Dr Huang felt that his question had been misunderstood. Rangers were not temporary workers. The target of casual employment had been exceeded threefold. Mr Mketeni had not been present at the Committee for some time. There were many agreements. Rhino poaching was approaching 1 000 in the current year. SANParks were being subsidised. Activities did not seem to be increasing despite an increase in funding. Anybody could sign MoUs, but the real question was how the level of poaching could be reduced. SANParks could never organise accommodation for Members to conduct oversight visits. Two years previously Members had conducted an oversight visit to Isimangaliso. The Committee supported a request for an increase in their budget, but there had been serious under spending. He asked who would take responsibility for the cancelled contract. He asked how many cases were being investigated by the DG.
Ms Ngcaba replied that there had been a budget adjustment for SANParks to deal with rhino poaching. This was to invest in rangers and equipment. There had been a threefold increase in the number of jobs created, and this might be a case of under-targeting.

Mr Themba Mabilane, CFO, SANParks, said that additional funding had been received after the EPWP target had been reached. Additional rangers had been appointed.

Ms Ngcaba agreed that the success rate against rhino poaching was worrying. More equipment was needed. The fence was being re-erected on the Mozambican side of the border. Even the South African National Defence Force (SANDF) did not have the latest night vision technology. Aircraft needed to be able to operate at night. Night vision equipment was needed.

The Chairperson hoped to get further information when the rhino workshop eventually happened.

Mr Skosana said that South Africa had different policies to other countries. It was massive work to integrate the policies.

Ms Ngcaba understood that parliamentarians had been invited from other countries.

Mr Mketeni said that invitations had been sent for environmental issues in general. The invitation could be amended to ensure that the there was more specific discussion on the rhino issue.

The Chairperson was not concerned with other species at present. The idea was to have other parliamentarians present in order to show how South Africa was dealing with the issue. He was worried. He identified four countries in Namibia, Mozambique, Botswana and Zimbabwe. Botswana still imposed the death penalty, and this did seem to be a deterrent to crime in general. He was still waiting for a proposed agenda. On the Monday he wanted to showcase the work being done in terms of law enforcement. The second issue was international steps such as the MoU. A review was needed of the work being done to ensure that the herds grew. On the second day there should be a general discussion on how the black market could be destroyed. Many ideas originated from persons such as Dr Player. The third day would be for the study group and the DEA to investigate the situation in the park. Stakeholders would not be invited to this inspection as some might have ulterior motives. The World Wildlife Fund had done a study on consumer behaviour in Vietnam. He did not know how this study had been conducted, but if this had happened it might make for an interesting input. The agenda needed urgent attention.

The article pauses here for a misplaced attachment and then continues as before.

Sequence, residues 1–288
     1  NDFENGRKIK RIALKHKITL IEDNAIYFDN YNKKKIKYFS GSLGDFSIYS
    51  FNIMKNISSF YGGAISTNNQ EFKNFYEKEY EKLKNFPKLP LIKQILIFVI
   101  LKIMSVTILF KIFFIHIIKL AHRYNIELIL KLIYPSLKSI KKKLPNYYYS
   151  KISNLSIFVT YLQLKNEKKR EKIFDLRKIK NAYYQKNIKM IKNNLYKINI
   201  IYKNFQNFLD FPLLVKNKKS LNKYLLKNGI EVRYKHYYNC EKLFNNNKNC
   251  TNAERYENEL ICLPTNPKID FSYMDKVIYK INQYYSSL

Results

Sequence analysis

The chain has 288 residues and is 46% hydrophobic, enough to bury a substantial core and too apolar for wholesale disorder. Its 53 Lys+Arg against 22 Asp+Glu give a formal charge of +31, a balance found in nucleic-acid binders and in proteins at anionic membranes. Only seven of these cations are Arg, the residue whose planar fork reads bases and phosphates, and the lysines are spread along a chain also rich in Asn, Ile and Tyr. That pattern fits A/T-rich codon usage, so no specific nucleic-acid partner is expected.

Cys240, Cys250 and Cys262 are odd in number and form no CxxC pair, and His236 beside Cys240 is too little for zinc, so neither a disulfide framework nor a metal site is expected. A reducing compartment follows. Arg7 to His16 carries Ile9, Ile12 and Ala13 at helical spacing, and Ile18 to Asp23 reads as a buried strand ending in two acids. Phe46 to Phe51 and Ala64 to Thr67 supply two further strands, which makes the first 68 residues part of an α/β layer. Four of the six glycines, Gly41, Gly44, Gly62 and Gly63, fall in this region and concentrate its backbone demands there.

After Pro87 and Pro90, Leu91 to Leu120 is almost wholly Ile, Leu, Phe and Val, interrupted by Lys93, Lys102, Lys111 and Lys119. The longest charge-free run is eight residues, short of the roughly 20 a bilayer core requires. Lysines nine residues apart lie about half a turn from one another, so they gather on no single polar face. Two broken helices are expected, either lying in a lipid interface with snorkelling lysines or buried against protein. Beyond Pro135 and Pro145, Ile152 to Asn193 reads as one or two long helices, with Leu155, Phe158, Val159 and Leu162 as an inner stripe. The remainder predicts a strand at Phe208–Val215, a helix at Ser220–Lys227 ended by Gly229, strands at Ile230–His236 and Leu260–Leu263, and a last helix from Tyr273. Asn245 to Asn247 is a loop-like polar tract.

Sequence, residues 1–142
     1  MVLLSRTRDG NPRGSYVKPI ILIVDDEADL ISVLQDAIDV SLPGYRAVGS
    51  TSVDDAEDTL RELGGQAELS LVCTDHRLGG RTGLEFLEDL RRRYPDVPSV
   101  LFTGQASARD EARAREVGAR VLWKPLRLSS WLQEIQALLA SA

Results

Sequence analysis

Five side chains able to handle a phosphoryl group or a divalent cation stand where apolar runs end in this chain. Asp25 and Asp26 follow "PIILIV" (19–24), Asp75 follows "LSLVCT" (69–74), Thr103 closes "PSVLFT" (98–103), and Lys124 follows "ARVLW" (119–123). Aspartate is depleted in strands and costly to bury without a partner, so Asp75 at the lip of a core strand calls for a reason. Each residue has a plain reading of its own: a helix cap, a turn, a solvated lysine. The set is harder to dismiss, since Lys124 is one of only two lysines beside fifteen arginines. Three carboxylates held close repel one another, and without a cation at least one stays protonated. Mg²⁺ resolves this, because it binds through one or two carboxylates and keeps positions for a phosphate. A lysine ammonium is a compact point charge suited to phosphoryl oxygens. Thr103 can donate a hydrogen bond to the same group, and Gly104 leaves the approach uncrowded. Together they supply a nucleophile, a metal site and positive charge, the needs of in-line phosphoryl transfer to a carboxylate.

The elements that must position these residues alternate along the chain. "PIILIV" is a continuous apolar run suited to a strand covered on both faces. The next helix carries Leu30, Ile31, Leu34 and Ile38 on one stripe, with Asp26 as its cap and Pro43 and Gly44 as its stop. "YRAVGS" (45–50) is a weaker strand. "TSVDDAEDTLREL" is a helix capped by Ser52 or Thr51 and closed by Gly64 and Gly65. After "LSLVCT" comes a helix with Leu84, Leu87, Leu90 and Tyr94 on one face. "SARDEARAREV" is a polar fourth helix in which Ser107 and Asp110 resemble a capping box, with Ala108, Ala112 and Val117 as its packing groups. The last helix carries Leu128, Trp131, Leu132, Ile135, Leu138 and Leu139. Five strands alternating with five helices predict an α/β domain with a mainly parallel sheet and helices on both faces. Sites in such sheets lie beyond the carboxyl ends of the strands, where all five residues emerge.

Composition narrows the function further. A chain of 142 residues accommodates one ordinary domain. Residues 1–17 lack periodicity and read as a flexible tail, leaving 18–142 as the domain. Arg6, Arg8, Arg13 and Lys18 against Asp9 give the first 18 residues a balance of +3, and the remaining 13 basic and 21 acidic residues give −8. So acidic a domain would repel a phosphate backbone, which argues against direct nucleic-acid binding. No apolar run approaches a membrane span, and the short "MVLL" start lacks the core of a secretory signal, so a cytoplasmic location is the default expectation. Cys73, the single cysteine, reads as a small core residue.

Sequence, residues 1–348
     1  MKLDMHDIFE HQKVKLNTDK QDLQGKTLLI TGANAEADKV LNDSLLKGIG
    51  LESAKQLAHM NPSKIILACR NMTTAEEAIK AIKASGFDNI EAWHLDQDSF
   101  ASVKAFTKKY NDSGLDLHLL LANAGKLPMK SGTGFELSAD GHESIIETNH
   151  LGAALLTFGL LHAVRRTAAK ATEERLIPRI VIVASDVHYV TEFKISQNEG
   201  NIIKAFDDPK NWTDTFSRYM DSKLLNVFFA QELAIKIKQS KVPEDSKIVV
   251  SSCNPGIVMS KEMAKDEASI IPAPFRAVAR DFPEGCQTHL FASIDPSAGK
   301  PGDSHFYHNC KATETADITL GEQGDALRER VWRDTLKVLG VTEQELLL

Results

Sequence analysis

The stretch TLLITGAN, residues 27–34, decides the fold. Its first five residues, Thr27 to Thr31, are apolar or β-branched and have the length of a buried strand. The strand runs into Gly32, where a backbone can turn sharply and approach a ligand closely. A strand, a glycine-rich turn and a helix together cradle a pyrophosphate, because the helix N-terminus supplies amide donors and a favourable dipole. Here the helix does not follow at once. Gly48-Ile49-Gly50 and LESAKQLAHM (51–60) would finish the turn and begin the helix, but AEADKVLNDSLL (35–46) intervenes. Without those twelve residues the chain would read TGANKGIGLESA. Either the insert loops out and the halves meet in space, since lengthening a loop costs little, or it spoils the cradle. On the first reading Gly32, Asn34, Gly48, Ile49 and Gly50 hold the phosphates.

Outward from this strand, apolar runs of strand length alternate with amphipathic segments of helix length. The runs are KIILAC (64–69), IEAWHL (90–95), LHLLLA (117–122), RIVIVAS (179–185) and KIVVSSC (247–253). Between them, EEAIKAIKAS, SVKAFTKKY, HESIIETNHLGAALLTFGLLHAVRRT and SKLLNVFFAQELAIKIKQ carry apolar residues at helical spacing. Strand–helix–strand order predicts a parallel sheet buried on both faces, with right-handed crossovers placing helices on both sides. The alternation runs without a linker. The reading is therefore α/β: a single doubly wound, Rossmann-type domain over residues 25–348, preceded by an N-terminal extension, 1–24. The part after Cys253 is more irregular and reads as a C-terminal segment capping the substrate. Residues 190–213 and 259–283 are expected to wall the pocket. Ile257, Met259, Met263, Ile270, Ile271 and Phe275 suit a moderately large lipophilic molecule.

DEA Target Dashboard
Ms McCourt said that the DEA had been instructed to develop an integrated scorecard for itself and its entities. The system should indicate the source of the target, the starting date, the baseline performance, and how likely the target was to be met within the given time frame. The MTEF and outcomes approach were being totally integrated. Outcomes deliveries were now a specific chapter in the MTEF going forward. High level indicators were included. One change was that the Annual Performance Plan (APP) and Strategic Plan (SP) of the Departments had to speak to the NTSF directly. The formal adoption of the SP would be in the following term of Parliament. Different terms were being used, and would be standardised across the sector. Everything up to the draft APP should be completed by the end of February. The system should be ready by then, although the plans would only be approved by Cabinet in the new term of Parliament.

Ms McCourt explained the colour coding used in the document. The different reports would still be sent. Green would indicate that a target had been met and dark green that it had been exceeded.

The Chairperson noted that Members were satisfied with the briefing.

Auditor-General on 2013 audit report
Ms Corne Myburgh, Business Executive, AG, said that the Environmental portfolio was one of the better-performing departments. The DEA and all four entities had received unqualified audit reports. AG considered the usefulness of information and reliability. There were no adverse findings in this regard. However, there had been some regressions. Some material errors in the financial statements, especially from SAWS, had to be corrected before the reports could be considered.

Ms Myburgh said that all entities had achieved their targets. SANBI had failed to reach 25% of its targets due to capacity constraints. The rest all achieved at least 80%. There had been findings that had been included in the management report. On integrated technology (IT) the main concerns were about user access, passwords and some other issues. On HR, SANParks and SAWS could not document that recruitment advertisements had been placed. Procurement procedures were generally being followed. Five employees had undeclared interests in supplier.

The Chairperson wanted the names. These people needed to be disciplined.

Ms Myburgh did not have the names to hand, but would find the information.

The Chairperson said that these people should be sacked. This was a serious matter. He wanted a list of the name by the end of the day.